The blonde woman goes shopping. The shops are gay and she spends a lot of time in each shop perusing the wares. She buys soap and bread and cheese and butter.
The man is struggling with an anchor. He is strong but the anchor is heavy. He is dragging it down an alley leaving a white mark on the floor.
The man is performing magic tricks for people sat outside a cafe. It is night and the stars are twinkling like fireworks. The man makes coins disappear into thin air.
The blonde woman is stroking a red animal in a wood. There is fire burning everywhere. Smoke sails past like phantoms. The red animal is large like a wolf but has a tail like a squirrel and a head like a bird.
The blonde woman is putting on make up in the mirror. Insects as large as cats sit on the floor around her feet.
The blonde woman is dancing in a glorious garden. Statues watch her and weep.
The man runs through the city, chased by a gang of men. He climbs a wall and drops into a yard.
The man takes a bath. There is a large red crab in the water.
The blonde woman is teaching a dwarf how to play the piano. The dwarf is grey skinned and has a bright green nose. His short fingers stab at the keys like a cat attacking a mouse.
The man is climbing a drainpipe. He is wearing a black mask and black clothes and gloves.
The man is sawing wood by a cottage. An old woman is bringing him a tray of buns.
The blonde woman is sewing her dress.
The blonde woman is drinking orange juice in her kitchen. A large black cat is sitting on the floor licking its paw.
The man is dying in his bed.
The blonde woman is dying in her bed.
Black Rigid Circles Panting And Vomiting
Red statues stand in a grey concrete square. Dead trees sprout. Green litter spins. The black buildings around the square are thin and tall and spotted with white windows.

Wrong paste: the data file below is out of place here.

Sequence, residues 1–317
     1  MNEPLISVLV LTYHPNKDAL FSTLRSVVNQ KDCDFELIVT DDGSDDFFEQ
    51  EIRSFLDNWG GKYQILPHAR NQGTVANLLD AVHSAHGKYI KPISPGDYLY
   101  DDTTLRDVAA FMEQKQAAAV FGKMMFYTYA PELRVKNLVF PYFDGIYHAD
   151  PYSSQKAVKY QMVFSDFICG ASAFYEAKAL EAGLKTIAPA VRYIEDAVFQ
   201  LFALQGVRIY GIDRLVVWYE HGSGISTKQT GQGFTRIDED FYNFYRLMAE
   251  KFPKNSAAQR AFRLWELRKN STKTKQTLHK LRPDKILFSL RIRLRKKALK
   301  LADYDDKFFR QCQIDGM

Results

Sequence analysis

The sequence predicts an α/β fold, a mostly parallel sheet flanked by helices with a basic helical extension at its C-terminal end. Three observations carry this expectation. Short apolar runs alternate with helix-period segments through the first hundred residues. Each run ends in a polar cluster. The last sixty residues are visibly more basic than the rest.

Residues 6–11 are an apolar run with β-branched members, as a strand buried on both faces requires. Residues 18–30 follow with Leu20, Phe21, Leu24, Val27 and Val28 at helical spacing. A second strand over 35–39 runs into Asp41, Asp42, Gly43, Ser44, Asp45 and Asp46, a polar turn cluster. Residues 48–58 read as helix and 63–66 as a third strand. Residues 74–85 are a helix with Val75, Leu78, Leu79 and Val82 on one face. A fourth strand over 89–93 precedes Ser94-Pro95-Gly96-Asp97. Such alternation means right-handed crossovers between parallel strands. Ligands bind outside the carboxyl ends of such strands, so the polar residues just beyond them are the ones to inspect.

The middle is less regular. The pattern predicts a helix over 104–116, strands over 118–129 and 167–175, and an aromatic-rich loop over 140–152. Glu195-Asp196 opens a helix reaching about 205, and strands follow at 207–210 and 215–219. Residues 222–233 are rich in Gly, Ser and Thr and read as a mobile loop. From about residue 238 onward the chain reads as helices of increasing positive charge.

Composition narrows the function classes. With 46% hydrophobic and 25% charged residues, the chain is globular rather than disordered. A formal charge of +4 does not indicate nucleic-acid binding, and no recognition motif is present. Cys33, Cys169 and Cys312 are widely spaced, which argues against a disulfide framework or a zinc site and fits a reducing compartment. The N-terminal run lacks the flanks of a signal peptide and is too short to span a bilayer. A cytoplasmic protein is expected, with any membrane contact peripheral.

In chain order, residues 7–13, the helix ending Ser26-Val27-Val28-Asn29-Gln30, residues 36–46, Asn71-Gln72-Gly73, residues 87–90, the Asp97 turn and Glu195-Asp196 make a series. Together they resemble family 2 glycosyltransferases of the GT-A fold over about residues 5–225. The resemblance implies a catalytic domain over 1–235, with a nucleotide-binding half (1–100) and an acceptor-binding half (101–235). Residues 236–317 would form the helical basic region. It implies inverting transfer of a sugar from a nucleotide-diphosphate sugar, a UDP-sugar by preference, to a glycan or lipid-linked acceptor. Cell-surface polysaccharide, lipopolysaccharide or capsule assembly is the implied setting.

Soof enters the square via an archway. He is thin and wearing a black suit. He is smoking a cigar that gives off blue smoke. The smoke does not disappear like normal smoke. It forms into solid objects. Blue bushes with blue berries dangling.
Soof picks the berries and eats them.
(A boat floats in Soof's dream. It has transparent sails. Soof wants to join the crew of the boat but the boat is gliding away into the sky leaving him behind)
Soof wakes and dresses in his black suit. He leaves his home and heads down thin streets that contain the jangling of bells from distant churches. Soof walks beneath trees that drop dancing blossoms onto him. Someone is singing from a window. It could be male or female.
Soof walks past a wall that has collapsed. People stripped to the waist are picking up the bricks and collecting them in a garden. Someone is playing violin somewhere.
Soof finds a cafe and enters the door. A skeletal woman stands behind the counter. She is weeping blue tears. The walls of the cafe are covered in black and white photographs of people and landscapes.
Soof orders a cup of tea and a slice of strawberry cake. He takes them to a table and lights a cigar. The cigar gives off yellow smoke. Soof notices that the smoke is attracted to the photographs on the wall. It is clinging to them. Slowly the photographs become colour.
Soof walks the streets. In the middle of a yellow street a red and black mass sits. People with shovels are clearing it up. Soof walks up to the red and black mass and notices white bones in amongst it. There are skulls too. A man puts his hand into the mass and plucks out a skull. He shows it to Soof and laughs. Soof puffs on his cigar and blows yellow smoke at the skull. It starts to ooze colour. Blues of the sea and sky. Greens and oranges of nature's fecundity. The man holding the skull stops laughing and looks sad. Soof walks on and finds an avenue where everyone is playing guitars and drums and pianos.